Sacred places: Where beauty and grace meet
Prayer and worship are at the center of the lives of religious communities and at the heart of their many forms of ministry, shared life, and service.
Mindful of the importance of their worship spaces, most communities, like the few featured on these pages, put great effort in restoring, renovating, or building anew their chapels, churches, and shrines.
The results are truly sacred spaces that both inspire and connect their worship and liturgical celebration to the work of the world.
|THE ARCHABBEY CHURCH of Our Lady of Einsiedeln of Saint Meinrad Archabbey in southern Indiana, a Benedictine community of men, was completed in 1907 and underwent a major renovation in 1996-1997. In 1998 it was named the first place winner in the Eugene Potente, Sr. Liturgical Design Competition.
The renovation was extensive, with the installation of a marble floor, a new altar, the relocation of the organ, and new furnishings that included the return of the monks’ choir stalls, which had been removed from the church in the 1960s.
|OUR LADY QUEEN OF PEACE CHAPEL, built in 1961, is the main chapel of the Sisters of St. Francis of Sylvania, Ohio, and also serves as the chapel for Lourdes College. It is designed externally in the style of the Franciscan missions of California. Inside the great window in the sanctuary depicts the mystery of the Incarnate Word and Mary, Queen of Peace. More than 10,300 hand-stenciled ceiling tiles, designed by Sister Michaeline Lesiak and a host of campus art students and sisters, depict the praise of God in the Psalms. Queen of Peace Chapel was renovated in 1986 in accordance with the National Council of Catholic Bishops’ document Environment and Art in Catholic Worship.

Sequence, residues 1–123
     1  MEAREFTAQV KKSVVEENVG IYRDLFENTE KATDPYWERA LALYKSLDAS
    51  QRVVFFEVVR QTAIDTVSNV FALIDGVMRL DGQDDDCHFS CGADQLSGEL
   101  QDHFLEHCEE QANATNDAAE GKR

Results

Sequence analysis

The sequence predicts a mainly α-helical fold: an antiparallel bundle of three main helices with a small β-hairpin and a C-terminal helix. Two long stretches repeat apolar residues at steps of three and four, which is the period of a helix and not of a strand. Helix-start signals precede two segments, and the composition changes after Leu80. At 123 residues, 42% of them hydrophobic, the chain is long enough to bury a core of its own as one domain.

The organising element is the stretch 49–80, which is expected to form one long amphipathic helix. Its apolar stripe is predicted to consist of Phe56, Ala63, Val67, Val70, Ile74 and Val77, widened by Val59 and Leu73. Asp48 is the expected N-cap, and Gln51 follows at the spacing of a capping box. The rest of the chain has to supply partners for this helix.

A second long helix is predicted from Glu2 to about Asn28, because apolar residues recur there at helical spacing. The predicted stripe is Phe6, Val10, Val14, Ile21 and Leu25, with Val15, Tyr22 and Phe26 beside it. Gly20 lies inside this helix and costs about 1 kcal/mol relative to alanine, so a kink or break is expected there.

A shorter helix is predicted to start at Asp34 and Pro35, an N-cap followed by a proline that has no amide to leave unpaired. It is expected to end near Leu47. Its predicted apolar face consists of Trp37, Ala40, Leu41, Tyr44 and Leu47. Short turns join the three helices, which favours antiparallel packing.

s to collaborate with architects and liturgists to design a worship space that would enable all assembled to experience the liturgical renewal the Second Vatican Council called for.
MONASTERY IMMACULATE CONCEPTION CHURH in Ferdinand, Indiana underwent extensive restoration from 2001 to 2005. The interior is a blend of the church’s traditional beauty, enhanced by restoration, with a contemporary prayer area that serves as the eucharistic chapel. In 2007 it was one of four building projects recognized for excellence in architectural design by the Kentucky Society of Architects, a chapter of the American Institute of Architects (AIA).
The sisters’ vision document for the restoration stated: “We . . . want the space to reflect a renewed sense of church for our time as well as our own identity as a Benedictine monastic community. We want to restore the fabric of the church building while preserving its beauty and adapting its space for our monastic prayer today. . . . An essential element of the Benedictine’s life is prayer both communal and individual.”
(Due to space constraints we could not feature in print all of the submissions we received. Click here for some additional photos of the truly spectacular worship spaces religious communities enjoy.)
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